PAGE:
I've been thinking about sustainable performance a lot lately.
After you over-work yourself and burn out a couple times, or see core areas of your life get neglected, eventually you wise up and start thinking about sustainability.
But it's always been very, very hard to define. What's "sustainable"? You can keep doing it without things going wrong?
Well, okay, but that's not particularly insightful.
Some people will say it's about having a balance, but I certainly know people who have lives that are out of balance -- but sustainably so, and they enjoy it that way.
Health? Sure, that's a huge part of it, but not the only part.
Tonight I maybe nailed down a definition.
"The trajectory I'm on, I can stay on and my life will keep getting better."
It's still not quite right, but it gets at a big part of it -- trajectory.
If your trajectory ever spirals off a cliff, what you're doing isn't sustainable. This is the classic business that, as it grows, it demands more of the owner's time. So you get golden-handcuffed to your business while losing recovery, relaxation, leisure, time with family and friends, hobbies, learning, reading, fitness, etc, etc, etc.
It takes some perspective to understand trajectory, because often, things are quite bad once you realize they're bad. The signs that the trajectory is no good is like a single cloud faintly on the horizon which announces the gathering storm.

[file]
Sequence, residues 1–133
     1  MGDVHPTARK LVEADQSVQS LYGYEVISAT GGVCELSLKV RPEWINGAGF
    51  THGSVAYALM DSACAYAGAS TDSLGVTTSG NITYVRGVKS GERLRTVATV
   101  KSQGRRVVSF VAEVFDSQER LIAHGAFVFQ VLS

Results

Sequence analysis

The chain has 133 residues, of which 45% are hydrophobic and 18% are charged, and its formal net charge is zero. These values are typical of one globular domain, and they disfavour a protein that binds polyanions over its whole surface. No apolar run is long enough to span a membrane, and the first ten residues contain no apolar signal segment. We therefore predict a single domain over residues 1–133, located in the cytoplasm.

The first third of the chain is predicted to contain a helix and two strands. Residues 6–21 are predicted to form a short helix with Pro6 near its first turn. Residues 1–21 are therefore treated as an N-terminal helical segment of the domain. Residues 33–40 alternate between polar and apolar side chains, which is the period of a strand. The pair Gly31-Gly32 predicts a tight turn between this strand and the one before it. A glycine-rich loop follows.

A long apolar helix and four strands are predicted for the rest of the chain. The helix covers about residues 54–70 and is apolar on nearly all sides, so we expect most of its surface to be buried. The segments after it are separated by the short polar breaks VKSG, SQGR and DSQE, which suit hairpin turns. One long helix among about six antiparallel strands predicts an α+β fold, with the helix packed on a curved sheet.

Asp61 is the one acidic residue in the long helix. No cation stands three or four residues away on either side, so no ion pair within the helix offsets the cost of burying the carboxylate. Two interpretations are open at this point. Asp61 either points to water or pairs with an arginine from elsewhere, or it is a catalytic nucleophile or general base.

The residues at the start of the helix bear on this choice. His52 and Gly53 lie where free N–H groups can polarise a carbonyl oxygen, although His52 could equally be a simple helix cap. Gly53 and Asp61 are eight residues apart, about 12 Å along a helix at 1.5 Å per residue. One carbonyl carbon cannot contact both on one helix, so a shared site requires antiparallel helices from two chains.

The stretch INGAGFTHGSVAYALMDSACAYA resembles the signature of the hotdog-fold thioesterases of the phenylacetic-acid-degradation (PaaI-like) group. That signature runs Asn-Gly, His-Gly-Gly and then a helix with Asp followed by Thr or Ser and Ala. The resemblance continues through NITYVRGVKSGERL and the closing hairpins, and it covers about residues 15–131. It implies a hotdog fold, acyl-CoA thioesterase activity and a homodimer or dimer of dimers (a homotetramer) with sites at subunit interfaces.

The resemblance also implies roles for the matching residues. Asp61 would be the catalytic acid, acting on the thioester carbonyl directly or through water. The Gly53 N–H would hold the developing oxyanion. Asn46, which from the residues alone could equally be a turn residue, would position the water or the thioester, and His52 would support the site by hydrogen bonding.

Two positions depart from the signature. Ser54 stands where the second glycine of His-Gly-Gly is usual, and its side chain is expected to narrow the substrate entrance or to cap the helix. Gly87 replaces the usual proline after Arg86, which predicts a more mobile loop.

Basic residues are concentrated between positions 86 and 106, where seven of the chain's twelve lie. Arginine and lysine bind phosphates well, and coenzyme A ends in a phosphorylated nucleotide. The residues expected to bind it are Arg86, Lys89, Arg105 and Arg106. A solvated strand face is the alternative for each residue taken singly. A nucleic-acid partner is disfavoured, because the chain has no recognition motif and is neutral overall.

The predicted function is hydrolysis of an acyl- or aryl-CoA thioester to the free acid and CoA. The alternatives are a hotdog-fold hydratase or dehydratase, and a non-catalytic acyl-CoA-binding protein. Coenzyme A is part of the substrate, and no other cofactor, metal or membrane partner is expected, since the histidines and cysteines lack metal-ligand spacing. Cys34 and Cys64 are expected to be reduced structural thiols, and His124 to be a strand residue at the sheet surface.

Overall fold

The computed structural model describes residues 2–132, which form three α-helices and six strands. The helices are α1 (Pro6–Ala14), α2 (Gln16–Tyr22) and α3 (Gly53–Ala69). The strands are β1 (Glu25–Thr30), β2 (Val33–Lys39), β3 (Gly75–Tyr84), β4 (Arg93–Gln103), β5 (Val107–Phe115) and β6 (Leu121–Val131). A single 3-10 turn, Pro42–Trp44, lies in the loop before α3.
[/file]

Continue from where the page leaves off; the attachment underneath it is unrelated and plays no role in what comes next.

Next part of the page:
Look at the trajectory. The cost of the same level of success should be going down.
Discretionary choice over how you spend your time should be going up.
Mental and physical wellness should be going up.
Knowledge should be going fun.
Fun should be going up.
If any of these aren't true -- or look they won't be true as more time passes and you go further down the spiral -- it's time to reflect. When a single cloud is on the horizon, there's still 10,000 options of what to do to stay warm and dry.
The past couple of posts are really valuable to me & of course I think it's phenomenal. I printed this one out to make plenty of notes and then apply it. Visualizing your path as a trajectory is quite powerful in and of itself. I'm still grasping the part about the variables that should be going up & the cloud on the horizon but it looks like they are directly proportional. When there's a cloud life is generally plumetting and if life is plumetting, a cloud awaits. Being proactive is an excellent solution. Sincere thanks.
Have been thinking about this a lot in the last couple of days, and ironically came to a conclusion similar to yours.
In particular, I was wondering how best to work most "efficiently" over the weeks/months. A great day is ok, but great days are usually followed by crashes. As a novelist, it's tempting to indulge in being "artistic" and have bouts of amazing writing days followed by days of being mentally exhausted.
Sadly, in creative work, there are very few methods to increase average productivity in terms of something tangible eg word count. Quality can go up, but that involves more than just writing. In addition, I don't want my day to be about only writing and editing non-stop. If I can fit in some exercise and down-time, I feel much better ("higher quality of life".) So I'd recently come to the conclusion that good weeks would be about balanced days.